Holmes’ first ultra was in 2003, the 100-mile Rocky Raccoon in Huntsville, Texas. Compared with other big-name events in the Colorado Rockies or the Sierra Nevada range in California, the Texas race is pretty tame: five times around a 20-mile loop that meanders through swampy but relatively flat terrain under a canopy of impressive oak trees. Holmes listened to the chorus of frogs and armadillos. The physical effort was grueling, but that wasn’t the toughest part. The mind, Holmes says, does strange things.

“You go through emotional ups and downs, kind of like mental and spiritual stages,” he says. “It’s like an onion, and the first thing that goes is your ego. You basically get peeled down to this emotional beast, almost like a reptilian brain peeled down to surviving.”

When he made it to the finish line, exhausted, he spotted a German woman smoking a cigar. He broke out a bottle of Maker’s Mark. As runners crossed the finish line, the two puffed away and drank four fingers of bourbon. Now Holmes enters four or five 100-milers a year, along with a half-dozen 50-mile and 50-kilometer races. He goes back to the Rocky Raccoon every year, too, though he doesn’t always break out the bourbon.

As we trot through the trees on Sunday morning, Gary Henry, the grandfatherly runner from Lawrence, asks Holmes about a sensitive injury at the 2008 Rocky Raccoon. Holmes says he was in horrendous pain but didn’t figure out until the final four miles that he had a severe chaffing issue in his shorts.

“It was a wardrobe malfunction,” he yells over his shoulder.

Henry laughs. It looked like the kind of weeping sore they show high school kids to scare them off sex, he says.

Sometimes, the mental or physical strain does become too much to bear. The past two years, Holmes has attempted the Cascade Crest, a 100-mile race in the Pacific Northwest that includes 20,000 feet of climbing. In 2007, it rained during the night as the temperatures dipped to 40 degrees. He had to rappel down a 500-foot cliff at mile 50. Soon, his lips turned purple. He lost his footing and slipped off a small slope. He had run for 62 miles and had 20 more until his next drop bag, where he’d find extra clothes and food. He was having trouble staying upright. So he dropped out.

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“I didn’t realize how hypothermic I was until they put a blanket around me,” he says. “I had to warm up to shiver. That’s bad.”

But Holmes has already committed to return for next year’s Cascade Crest. He has promised race organizers that he will bring the rappelling rope.

Running ultras isn’t always so grueling. This summer, Amos upped his trail cred a few notches by finishing 10th in a field of 150 runners at the Big Horn 100 in Wyoming. The course is intense, climbing 3,000 feet in the first seven miles. Right away, Amos felt like he was surrounded by wilderness. At mile 45, as he ran alongside two other racers, he told them to stop. For a few moments, they just gazed at the vista of snowcapped mountains. Then they resumed their quick pace through the night. By the next morning, Amos had traversed the 100 miles over and across the peaks in 23 hours and 27 minutes.

Even Amos says he struggles down the stairs on stiff legs after a race like that. But that’s just proof that he has accomplished something. Thanks to these weekend training runs, though, veterans such as Holmes and Amos are quick to recover, even after 100-mile races. They’re back at work on Monday morning, despite lack of sleep. Within a week, they’re jogging shorter distances before jumping into another Sunday morning mini-marathon.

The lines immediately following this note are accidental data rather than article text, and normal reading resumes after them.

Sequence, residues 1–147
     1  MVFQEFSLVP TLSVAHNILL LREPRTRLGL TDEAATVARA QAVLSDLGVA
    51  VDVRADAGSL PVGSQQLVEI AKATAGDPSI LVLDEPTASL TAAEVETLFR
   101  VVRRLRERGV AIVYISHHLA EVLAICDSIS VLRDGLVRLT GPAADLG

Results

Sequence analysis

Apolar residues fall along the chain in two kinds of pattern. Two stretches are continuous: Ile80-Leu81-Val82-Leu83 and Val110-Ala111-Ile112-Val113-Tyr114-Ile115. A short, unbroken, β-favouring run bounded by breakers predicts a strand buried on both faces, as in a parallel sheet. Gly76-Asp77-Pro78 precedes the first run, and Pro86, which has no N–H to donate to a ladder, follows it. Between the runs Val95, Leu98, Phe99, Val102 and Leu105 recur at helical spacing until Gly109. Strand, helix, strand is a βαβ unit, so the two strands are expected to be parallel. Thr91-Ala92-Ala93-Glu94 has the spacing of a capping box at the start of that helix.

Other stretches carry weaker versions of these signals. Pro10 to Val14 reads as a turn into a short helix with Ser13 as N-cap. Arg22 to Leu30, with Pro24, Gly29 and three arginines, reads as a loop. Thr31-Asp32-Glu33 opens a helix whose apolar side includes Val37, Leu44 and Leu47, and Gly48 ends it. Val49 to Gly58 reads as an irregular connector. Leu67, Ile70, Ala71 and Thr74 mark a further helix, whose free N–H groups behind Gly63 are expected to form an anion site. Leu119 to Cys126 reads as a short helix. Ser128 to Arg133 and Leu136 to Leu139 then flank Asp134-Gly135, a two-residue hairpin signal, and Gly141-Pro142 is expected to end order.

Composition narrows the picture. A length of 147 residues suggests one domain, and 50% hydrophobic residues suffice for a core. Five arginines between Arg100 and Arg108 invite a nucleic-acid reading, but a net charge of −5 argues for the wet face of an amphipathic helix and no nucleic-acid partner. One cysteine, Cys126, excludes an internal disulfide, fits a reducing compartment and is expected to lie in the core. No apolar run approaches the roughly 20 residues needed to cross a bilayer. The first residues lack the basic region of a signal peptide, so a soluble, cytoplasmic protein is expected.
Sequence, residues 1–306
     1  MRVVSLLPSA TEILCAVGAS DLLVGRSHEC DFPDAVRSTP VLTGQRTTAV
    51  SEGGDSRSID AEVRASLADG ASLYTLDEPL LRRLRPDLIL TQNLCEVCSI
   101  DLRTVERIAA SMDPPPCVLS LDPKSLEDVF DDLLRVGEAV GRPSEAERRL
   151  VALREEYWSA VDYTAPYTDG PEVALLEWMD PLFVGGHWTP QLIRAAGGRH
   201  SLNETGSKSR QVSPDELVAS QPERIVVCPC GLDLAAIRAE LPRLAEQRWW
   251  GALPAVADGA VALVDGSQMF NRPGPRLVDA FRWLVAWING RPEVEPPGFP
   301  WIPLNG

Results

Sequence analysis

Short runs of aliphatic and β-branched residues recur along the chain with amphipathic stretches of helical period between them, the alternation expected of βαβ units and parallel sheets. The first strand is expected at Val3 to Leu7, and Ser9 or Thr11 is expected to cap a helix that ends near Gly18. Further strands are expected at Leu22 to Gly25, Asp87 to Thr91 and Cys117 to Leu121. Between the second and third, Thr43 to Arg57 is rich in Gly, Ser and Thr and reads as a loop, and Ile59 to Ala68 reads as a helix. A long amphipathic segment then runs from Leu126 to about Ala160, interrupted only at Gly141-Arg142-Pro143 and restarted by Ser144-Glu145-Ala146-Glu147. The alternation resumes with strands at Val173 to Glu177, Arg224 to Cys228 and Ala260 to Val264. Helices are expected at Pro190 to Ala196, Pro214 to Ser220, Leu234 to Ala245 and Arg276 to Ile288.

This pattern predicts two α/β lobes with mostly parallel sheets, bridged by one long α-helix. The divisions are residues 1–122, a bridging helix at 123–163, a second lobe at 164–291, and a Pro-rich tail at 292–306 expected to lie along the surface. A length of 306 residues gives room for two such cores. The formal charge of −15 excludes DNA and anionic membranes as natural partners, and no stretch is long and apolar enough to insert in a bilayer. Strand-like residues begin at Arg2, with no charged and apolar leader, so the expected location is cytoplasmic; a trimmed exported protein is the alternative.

It’s getting close to the two-hour mark when the group emerges onto a sunny stretch of pavement. The bright light and unforgiving concrete are jarring. Our feet, so quiet on the trails, hammer out a cadence. A couple of guys start shouting out the sing-song chants of military recruits on a training run.

“I hear ROTCies ain’t that fit,” Holmes shouts. “Only running with the Trail Nerds is worth a shit!”


After more than two hours on the trails, the Sunday morning group ambles back to the parking lot a little past 10 a.m. Some peel off soaked shirts, change their mud-caked shoes and suck down the final dregs of their water bottles.

Within five minutes, Henry is moseying around with a blue mug of brown liquid. It’s not coffee. It’s a dark ale. Holmes has an entire keg of his homebrew in the back of his Honda.

The parking-lot preparty moves uphill to the west side of the lake, where other Nerds are unloading food onto a picnic table. To celebrate this August Birthday Bash — a catchall celebration for the handful of Nerds born this month — they’ve brought plenty of sprits. Webster sets a rum-spiked watermelon on the edge of a picnic table, complete with a hardware-grade spigot sticking out the bottom of the green fruit. Euler and Nick Lang, a fellow Nerd, dump cans of Keystone Light, vodka and lemonade into a blue cooler. As the group digs into a cake, aptly decorated with chocolate sprinkles that cross the white icing like a dirt trail, Henry pops open the first of two bottles of champagne.

Before long, the group is getting a little tipsy. Voeks, perched on top of a cooler, joins Henry in a rendition of the Lewis Carroll poem “Jabberwocky.”

“Beware the Jabberwock, my son,” the two croon dramatically. “The jaws that bite, the claws that catch!” Before the applause dies away, Henry is flooded with cries for an encore. They want to hear his “Moon Poem,” which he recited before a 50-kilometer race called the Lunar Trek that many of the Nerds completed in June. With a flourish at the end, Henry raises his glass.

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“Brought to you by Nick’s panty droppers,” he says and laughs.

As the sun climbs toward noon, the group reminisces about embarrassing run-ins. The way Jones once screamed when he stumbled upon a huge possum on a Clinton Park trail. How Holmes said he’d wear one of the Mud Babe-style skirts in an upcoming run. Another Nerd says he’d shed his shorts in favor of the feminine wardrobe “if it has room for my junk.”

Voeks bolts up and grabs a few items of food from the picnic table. She turns her back to the group, and when she spins back around, she’s got a banana and two oranges packed into the lining of her black skirt.

But wouldn’t the skirt chafe after 50 miles? That’s the kind of question only a Trail Nerd can answer.